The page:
The Rapidian

Knowing If Your Small Business Idea Can Be Profitable: Guidance for the Little Guys

Friday, June 06, 2014


For the progressive thinkers and innovators out there, a gap between reality and fantasy is largely at play. Many people with excellent ideas don’t have the same level of execution power as people within the financial industry—they aren’t inundated with financial contracts all day, they aren’t privy to financial reports of entire industries to see whether their idea within a given niche is truly workable, and many times, ideas that spring from the entrepreneurial mind are simply not profitable in current markets. So how do small business owners and/or those who are seriously considering jumping into business ownership find out if their idea is just a wild hair or the next big thing?

 

 

One core concept to keep in mind is your passion for what you want to bring to the marketplace. Whether it’s a new spin on hotdogs or something you truly think has never been done, if your passion for it is real and you have the mental and emotional stamina to never stop believing in it, chances are, you probably have something worth working for on your hands. But to be sure, ask friends and family to be frank and up front with you. You don’t want to be the next Soap-On-A-Rope or pet rock, but then again, there’s no shame in starting a business offering one type of product or service and changing course later—as long as you realize you may likely need to do this and have something lined up before grapes begin to wither on the vine.

 

If you have the passion part down pat, that’s a great place to start, but next, you’re going to need some capital. Where you get this capital matters; who invests, why they invest, what they expect to get in return, and how you plan to make that happen even in the lean times are all important factors you must consider. You know yourself, your family, and your circle of friends. If it’s common practice among those in your microcosm to give one another a hand up, take advantage of that potential avenue, but don’t exploit it. And for those who don’t operate within circles where people loan one another money or simply don’t have it to give, don’t despair.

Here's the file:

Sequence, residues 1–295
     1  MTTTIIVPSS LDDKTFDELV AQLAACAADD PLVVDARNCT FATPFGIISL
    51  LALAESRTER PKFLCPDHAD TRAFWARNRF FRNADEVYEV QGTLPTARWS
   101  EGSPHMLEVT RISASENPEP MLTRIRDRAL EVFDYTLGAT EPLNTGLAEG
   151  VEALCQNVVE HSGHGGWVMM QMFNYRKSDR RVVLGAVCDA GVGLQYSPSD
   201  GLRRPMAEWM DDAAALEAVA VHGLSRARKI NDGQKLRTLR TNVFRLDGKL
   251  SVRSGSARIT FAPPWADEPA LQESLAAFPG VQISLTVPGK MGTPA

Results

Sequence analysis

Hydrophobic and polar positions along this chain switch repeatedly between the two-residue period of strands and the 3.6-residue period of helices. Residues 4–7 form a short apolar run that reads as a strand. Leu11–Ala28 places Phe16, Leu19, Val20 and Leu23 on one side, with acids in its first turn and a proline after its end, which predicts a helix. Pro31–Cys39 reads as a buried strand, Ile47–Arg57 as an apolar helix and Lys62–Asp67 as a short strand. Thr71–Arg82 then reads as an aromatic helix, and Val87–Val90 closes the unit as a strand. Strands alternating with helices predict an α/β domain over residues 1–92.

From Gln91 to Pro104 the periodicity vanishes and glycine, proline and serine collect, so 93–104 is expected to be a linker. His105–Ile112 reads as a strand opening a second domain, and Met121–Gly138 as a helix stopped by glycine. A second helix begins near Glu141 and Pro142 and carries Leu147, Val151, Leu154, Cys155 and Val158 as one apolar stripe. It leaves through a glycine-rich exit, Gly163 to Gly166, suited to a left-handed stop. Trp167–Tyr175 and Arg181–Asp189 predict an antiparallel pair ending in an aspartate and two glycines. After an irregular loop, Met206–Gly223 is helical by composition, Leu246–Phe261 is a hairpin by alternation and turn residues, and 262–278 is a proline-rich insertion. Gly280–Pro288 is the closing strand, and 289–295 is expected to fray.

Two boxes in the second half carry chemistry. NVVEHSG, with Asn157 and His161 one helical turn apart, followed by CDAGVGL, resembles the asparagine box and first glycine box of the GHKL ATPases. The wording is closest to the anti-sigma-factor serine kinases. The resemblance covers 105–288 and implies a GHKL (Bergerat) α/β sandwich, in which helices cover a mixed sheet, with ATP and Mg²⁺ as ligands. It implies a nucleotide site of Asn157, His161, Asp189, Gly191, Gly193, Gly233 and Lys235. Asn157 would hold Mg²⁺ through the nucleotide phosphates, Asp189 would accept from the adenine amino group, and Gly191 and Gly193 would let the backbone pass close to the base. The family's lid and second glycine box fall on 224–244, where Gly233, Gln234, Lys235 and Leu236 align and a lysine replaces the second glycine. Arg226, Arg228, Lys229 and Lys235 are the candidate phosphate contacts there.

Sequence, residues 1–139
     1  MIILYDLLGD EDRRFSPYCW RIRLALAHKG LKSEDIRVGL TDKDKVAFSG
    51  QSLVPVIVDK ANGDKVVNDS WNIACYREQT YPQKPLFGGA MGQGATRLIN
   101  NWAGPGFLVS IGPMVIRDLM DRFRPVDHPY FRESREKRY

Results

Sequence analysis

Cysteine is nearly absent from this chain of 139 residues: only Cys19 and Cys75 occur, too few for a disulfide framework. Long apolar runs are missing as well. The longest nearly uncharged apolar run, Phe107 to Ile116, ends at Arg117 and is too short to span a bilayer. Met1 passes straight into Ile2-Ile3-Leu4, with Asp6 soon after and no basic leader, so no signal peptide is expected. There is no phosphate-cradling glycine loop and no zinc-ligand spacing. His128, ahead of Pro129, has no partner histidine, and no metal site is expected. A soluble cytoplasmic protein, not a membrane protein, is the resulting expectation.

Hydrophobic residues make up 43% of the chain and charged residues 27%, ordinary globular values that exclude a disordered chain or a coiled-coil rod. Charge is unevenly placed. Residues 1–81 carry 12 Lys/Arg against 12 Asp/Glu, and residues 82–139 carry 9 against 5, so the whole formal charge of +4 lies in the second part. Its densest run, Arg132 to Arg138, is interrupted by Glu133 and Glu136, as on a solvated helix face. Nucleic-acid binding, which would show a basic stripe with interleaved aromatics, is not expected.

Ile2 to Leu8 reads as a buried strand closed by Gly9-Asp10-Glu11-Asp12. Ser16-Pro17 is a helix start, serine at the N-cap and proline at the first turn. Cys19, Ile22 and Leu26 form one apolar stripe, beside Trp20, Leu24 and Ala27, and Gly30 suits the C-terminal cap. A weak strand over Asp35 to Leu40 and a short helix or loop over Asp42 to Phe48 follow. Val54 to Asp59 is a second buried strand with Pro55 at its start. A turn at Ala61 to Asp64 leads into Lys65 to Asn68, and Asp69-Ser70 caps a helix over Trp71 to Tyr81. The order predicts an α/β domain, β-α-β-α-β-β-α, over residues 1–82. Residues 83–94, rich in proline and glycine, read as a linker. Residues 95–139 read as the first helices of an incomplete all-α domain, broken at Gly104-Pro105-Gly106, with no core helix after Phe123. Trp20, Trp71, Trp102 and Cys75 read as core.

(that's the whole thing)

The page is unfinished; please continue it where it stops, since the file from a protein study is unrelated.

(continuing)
Now more than ever, microloans are ruling the world of capitalism and small business, and on top of that, many lenders giving out both micro and small loans are looking at potential small business owners just like you in a different light than they did even 10 years ago. Today, even for some of the big names like Wells Fargo and Bank of America, loans are being thought of in more unique ways. Lenders are making decisions about loans based on more than credit scores; they are looking at your online reputation, your personal and professional references, your LinkedIn page, interactions you’ve had on other social platforms, and more. It isn’t just about last year’s tax return anymore—it’s about lenders looking at you and asking, “Why should we believe in what you’re doing?” When they ask this question, your answer must be concise, clever, and vibrant. Anything short of that has the smell of yesterday’s news on it, making it very unattractive to potential lenders and/or investors.

 

If you have the first-mover advantage, keep a lid on it, and continuously hone your ideas on not just how you will bring your products or services to market, but let the ideas you have about them evolve. One thing is for sure in the world of small business: in the world of commercial finance, if you’re standing still, you’re actually moving backwards.

 

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